Wedding Photography styles

Before finding the perfect photographer, you’ll need to decide what wedding photography styles & wedding photography packages you prefer. This will determine who you’ll want shooting your wedding as their photography styles may not be what you had in mind. The best wedding photographers have a balanced approach and will generally utilise several of the examples shown below. Couples are ill advised to choose a photographer that specialises in just one wedding photography style, unless they have very specific requirements such as maternity photoshoot. Many wedding photographers can do a blend of portraiture and documentary-style shots, and will do a mix of black-and-white and color images, but if there’s a special style you love, make sure to focus on photographers who has experience in it.


Instead of a series of posed photos, these photos are journalistic in style – it captures the day as it happens with minimal intrusion of people, decor and the action.
With a purely photo journalistic photographer, you’ll very rarely see people staring at the camera—the photos capture the moments exactly as they happened instead of taking pains to feature anything specific.


Portraiture photographers use posed shots of the bride and groom, and their friends and family in front of various backdrops or a specific location – group photographs typically fall into this category.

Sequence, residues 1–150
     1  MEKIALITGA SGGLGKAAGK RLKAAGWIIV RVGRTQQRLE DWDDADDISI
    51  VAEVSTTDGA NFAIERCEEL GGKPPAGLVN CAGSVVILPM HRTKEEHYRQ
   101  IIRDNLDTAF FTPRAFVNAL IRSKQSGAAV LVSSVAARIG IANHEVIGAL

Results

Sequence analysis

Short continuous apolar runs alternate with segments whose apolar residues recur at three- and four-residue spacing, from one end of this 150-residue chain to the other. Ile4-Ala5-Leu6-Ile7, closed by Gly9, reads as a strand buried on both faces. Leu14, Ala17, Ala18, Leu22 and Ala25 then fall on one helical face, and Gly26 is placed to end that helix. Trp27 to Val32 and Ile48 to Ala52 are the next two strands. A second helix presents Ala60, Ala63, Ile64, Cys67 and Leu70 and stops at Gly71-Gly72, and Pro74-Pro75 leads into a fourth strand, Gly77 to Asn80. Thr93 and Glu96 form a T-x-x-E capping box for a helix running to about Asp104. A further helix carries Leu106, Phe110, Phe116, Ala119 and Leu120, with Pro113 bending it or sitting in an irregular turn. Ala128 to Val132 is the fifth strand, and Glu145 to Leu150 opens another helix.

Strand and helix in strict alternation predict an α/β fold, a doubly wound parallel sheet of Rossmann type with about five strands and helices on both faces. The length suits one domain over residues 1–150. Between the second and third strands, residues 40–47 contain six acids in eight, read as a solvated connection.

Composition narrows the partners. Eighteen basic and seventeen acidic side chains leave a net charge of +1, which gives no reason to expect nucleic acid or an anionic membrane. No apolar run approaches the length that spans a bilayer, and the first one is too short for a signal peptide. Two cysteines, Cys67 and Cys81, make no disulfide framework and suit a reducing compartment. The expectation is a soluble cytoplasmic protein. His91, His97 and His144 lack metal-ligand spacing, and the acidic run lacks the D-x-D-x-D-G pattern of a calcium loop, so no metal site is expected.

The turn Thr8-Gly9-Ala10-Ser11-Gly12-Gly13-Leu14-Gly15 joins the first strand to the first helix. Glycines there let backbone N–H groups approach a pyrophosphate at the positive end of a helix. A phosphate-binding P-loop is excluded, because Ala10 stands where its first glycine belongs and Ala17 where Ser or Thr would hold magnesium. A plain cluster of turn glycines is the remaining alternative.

While some photographers will pose subjects in more traditional spots and formal poses, other photographers take portraiture further into the creative realm with more dramatic styling, poses and framing of the subjects.

Fine Art

These photos are dramatic and gorgeous but documentary in nature – licence is given to the photographer to achieve unique points of view.
They are — or look as though they were — shot on film with a grainier, ethereal, more matte or muted appearance.

Contemporary or Modern

This wedding photography style is an offshoot of fine art. It is marked by outside-the-box, tilted angles (called “Dutch angles”) and unconventional framing.
Even a single portrait of a bridesmaid might be shot so that her face takes over only the bottom right of the photo and the rest of the space is filled with the wall or whatever’s behind her.